Don’t Spread Yourself Too Thin

“I don’t know what I ate, but I felt immensely better after the first mouthful. It occurred to me that my vision of the fig tree and all the fat figs that withered and fell to earth might well have arisen from the profound void of an empty stomach.”

For me, these bulbs represent my aspirations in martial arts, writing, Buddhism, my family, work, and where I intend to take these things. Sure, some of these bulbs can mingle together, but if I focus solely on one, all others suffer. I need the spread my power, my ability, amongst them all evenly so that none suffer. That’s why I’ve eradicated other bulbs from my life. I was stretched too thin. At one point I wanted to be a composer for film, but that dream just doesn’t match up to my others. I’ll still pick up one of my guitars and practice regularly but that’s a relaxing modality. I’ve always had this dream of growing exotic house plants and bonsai. I do have a few plants and plan to add more, but I don’t let that hobby take away from my true goals. 

One of my biggest time sinks is video games. I built my own high end video game PC that I use for work, school, and play. I have a collection of over 100 games between that, my PS4, and my Xbox One. As I write this, my girlfriend is playing her Xbox One seated next to me and I’d love to reach over and turn my own console on and join her, but I have this responsibility in writing that I’ve assigned myself. It’s work, sure, but it’s work I love and something I want to get better at, so I’m going to sit here and write word after word, article after article, for a long time. Only then will I improve. Only then will I grow. I’ll play later because in this moment I want to focus on which bulb I’m lighting. 

What I’m really trying to say is you need to focus on what’s important to you. What do you find the most value in your life? What sparks joy for you? Video games might be your thing. I set up a treadmill in my home gym/dojo in between paragraphs of writing this so I could step away and come back, keeping things fresh but rested, to make sure I’m covering everything I want to cover. That also let me focus on another bulb of mine, my personal fitness, health, and journey in martial arts. I find value in these things. As I sit here writing, my fukien tea tree bonsai is to my right. I can look over and enjoy its presence at any time. My girlfriend and dog are in the room with me. I’m conversing with Sarah and petting Zeke, my girlfriend and dog respectively. I imagine it’d be a little weird the other way around. 

I have music playing. While I write, meditate, or practice tai chi, I like to have softer music playing. I’ll play a lot of post rock, contemporary classical, or lo-fi. When I’m working out and need a little more aggressive sounds I’ll plug in hardcore or metalcore. I still have everything I love in my life. I just focus more on what brings me the most value. I’m also still in recovery mode today since my pulled muscles and trip down the stairs on my back several days ago, but that hasn’t stopped me from the other things I enjoy. I watched a couple films and hours of YouTube vlogs and podcasts while I was on my self-subscribed bed rest. I wanted to make sure I recover fully so that I can go back to enjoying everything fully, which will hopefully be tomorrow for at least the lighter stuff like Tai Chi training. I may have to take it easy for a week or two in my Karate and Kung Fu classes.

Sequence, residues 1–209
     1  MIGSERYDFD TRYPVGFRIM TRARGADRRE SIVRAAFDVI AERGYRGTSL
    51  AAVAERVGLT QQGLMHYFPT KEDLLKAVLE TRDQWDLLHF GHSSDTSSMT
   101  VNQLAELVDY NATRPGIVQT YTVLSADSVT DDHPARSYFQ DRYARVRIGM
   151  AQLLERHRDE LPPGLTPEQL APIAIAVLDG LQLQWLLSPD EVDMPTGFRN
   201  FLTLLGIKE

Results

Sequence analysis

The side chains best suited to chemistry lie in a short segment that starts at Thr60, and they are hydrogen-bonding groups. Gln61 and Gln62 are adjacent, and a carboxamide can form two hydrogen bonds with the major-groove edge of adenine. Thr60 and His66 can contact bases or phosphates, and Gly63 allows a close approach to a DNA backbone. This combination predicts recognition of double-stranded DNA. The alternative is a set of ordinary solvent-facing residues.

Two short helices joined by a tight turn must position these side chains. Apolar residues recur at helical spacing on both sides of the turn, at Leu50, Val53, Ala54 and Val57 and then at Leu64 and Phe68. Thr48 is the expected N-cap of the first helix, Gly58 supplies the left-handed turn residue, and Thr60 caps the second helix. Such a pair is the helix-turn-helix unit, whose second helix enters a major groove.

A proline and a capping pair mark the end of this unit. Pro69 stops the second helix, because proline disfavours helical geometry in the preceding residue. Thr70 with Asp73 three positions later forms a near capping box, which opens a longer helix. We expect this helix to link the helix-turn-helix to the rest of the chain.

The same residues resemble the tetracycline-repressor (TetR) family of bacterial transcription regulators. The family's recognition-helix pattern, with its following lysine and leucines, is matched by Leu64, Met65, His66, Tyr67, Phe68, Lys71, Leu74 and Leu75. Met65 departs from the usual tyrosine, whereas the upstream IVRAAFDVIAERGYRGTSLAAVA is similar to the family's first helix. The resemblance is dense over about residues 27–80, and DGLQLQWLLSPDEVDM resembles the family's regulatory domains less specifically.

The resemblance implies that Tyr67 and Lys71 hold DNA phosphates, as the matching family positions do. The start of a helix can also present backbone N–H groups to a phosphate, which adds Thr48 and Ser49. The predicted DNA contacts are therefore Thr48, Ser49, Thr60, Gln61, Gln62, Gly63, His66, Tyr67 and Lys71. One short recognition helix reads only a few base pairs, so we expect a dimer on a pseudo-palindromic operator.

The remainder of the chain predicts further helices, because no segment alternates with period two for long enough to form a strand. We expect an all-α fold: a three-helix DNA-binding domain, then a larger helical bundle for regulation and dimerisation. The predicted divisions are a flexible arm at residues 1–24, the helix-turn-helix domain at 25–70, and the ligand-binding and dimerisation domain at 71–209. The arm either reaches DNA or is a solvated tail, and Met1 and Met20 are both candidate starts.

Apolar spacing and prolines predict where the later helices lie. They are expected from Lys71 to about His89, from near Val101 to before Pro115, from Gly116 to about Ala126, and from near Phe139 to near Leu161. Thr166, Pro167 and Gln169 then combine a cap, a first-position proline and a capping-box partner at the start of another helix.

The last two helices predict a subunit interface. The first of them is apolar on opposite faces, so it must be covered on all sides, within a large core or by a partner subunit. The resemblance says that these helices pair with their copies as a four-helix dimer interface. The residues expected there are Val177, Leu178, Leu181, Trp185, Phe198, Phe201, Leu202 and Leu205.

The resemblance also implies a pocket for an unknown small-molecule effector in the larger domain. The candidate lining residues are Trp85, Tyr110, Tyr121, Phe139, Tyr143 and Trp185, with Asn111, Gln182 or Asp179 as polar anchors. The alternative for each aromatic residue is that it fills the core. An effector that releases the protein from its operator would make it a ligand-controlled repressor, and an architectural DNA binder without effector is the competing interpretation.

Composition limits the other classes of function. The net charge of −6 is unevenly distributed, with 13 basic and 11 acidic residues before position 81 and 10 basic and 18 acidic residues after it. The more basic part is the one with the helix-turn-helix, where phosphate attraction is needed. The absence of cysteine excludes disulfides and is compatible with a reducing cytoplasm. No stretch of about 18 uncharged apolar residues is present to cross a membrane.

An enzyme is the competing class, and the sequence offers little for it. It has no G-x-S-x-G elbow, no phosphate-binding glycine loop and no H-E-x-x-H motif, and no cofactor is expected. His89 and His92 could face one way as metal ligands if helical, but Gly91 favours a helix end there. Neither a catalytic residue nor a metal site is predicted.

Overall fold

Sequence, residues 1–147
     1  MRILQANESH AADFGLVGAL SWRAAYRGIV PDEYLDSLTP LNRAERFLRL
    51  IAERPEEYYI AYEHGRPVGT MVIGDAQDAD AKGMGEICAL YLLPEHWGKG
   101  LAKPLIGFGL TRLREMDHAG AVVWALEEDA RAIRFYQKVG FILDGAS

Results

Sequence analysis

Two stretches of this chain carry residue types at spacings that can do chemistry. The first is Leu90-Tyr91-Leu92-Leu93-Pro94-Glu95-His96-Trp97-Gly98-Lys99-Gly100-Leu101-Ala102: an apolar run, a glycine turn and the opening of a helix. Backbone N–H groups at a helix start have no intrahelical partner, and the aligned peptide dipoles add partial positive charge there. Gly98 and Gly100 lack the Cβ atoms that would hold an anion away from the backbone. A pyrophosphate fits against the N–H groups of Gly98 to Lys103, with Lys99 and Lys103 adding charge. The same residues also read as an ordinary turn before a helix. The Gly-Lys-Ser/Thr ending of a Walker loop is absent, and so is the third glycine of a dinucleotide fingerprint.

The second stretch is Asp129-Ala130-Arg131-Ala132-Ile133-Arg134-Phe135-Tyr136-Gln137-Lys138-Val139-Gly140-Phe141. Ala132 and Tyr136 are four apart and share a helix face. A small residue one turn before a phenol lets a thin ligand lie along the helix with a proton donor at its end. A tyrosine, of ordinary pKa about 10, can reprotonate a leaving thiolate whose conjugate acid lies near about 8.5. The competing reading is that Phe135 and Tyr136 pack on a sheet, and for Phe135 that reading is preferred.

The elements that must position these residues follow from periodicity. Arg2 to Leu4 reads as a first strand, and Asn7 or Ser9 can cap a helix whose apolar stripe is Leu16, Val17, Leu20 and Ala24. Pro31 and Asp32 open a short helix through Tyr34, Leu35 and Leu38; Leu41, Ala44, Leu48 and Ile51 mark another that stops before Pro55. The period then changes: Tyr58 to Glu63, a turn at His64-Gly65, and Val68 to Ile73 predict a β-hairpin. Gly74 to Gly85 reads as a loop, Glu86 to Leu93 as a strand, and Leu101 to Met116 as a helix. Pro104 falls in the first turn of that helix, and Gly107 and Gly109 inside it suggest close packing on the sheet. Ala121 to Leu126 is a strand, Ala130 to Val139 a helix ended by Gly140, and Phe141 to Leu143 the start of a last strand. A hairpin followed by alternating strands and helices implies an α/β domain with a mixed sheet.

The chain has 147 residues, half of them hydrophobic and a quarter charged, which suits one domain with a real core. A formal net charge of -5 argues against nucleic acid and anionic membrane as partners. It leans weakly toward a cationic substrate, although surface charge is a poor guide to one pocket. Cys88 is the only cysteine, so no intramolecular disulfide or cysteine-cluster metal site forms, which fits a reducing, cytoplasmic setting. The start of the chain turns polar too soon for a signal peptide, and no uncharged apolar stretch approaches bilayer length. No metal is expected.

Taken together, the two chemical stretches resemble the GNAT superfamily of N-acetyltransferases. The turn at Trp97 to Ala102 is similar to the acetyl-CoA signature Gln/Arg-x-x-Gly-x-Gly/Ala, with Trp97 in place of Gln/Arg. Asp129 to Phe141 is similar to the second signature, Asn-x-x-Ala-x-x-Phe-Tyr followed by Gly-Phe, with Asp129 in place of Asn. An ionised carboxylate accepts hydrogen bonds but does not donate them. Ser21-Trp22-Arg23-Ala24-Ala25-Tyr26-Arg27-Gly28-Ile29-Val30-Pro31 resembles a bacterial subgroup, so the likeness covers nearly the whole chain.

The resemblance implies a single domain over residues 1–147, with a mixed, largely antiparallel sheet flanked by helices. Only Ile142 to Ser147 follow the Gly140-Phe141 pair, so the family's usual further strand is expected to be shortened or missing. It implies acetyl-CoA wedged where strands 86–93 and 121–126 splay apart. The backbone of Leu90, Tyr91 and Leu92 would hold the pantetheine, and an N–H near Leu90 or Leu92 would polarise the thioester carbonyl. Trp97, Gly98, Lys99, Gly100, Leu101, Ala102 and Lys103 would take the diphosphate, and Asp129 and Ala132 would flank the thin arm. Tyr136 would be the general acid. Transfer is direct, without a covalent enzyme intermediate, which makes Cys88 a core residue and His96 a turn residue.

I suppose what I want you to take away from this is that we often find ourselves spread too thin in life. There’s so much to enjoy, and believe me, I understand Sylvia Plath when she wrote about the fig tree in The Bell Jar.  

“I saw my life branching out before me like the green fig tree in the story. From the tip of every branch, like a fat purple fig, a wonderful future beckoned and winked. One fig was a husband and a happy home and children, and another fig was a famous poet and another fig was a brilliant professor, and another fig was Ee Gee, the amazing editor, and another fig was Europe and Africa and South America, and another fig was Constantin and Socrates and Attila and a pack of other lovers with queer names and offbeat professions, and another fig was an Olympic lady crew champion, and beyond and above these figs were many more figs I couldn’t quite make out. I saw myself sitting in the crotch of this fig tree, starving to death, just because I couldn’t make up my mind which of the figs I would choose. I wanted each and every one of them, but choosing one meant losing all the rest, and, as I sat there, unable to decide, the figs began to wrinkle and go black, and, one by one, they plopped to the ground at my feet.”

Sylvia Plath – The Bell Jar

I too have spread myself too thin in the past. I’ve seen everything I could be and it took until I was 29 to realize what I am and am going to be. That’s why I resonate so strongly with the quote that follows the above in Plath’s book. 

“I don’t know what I ate, but I felt immensely better after the first mouthful. It occurred to me that my vision of the fig tree and all the fat figs that withered and fell to earth might well have arisen from the profound void of an empty stomach.”

Sylvia Plath – The Bell Jar

We find ourselves starved for a life of meaning, for a life beyond the mediocre, but we’re all too afraid to take risks, to step outside of our comfort zones, in order to move forward with a particular path. 

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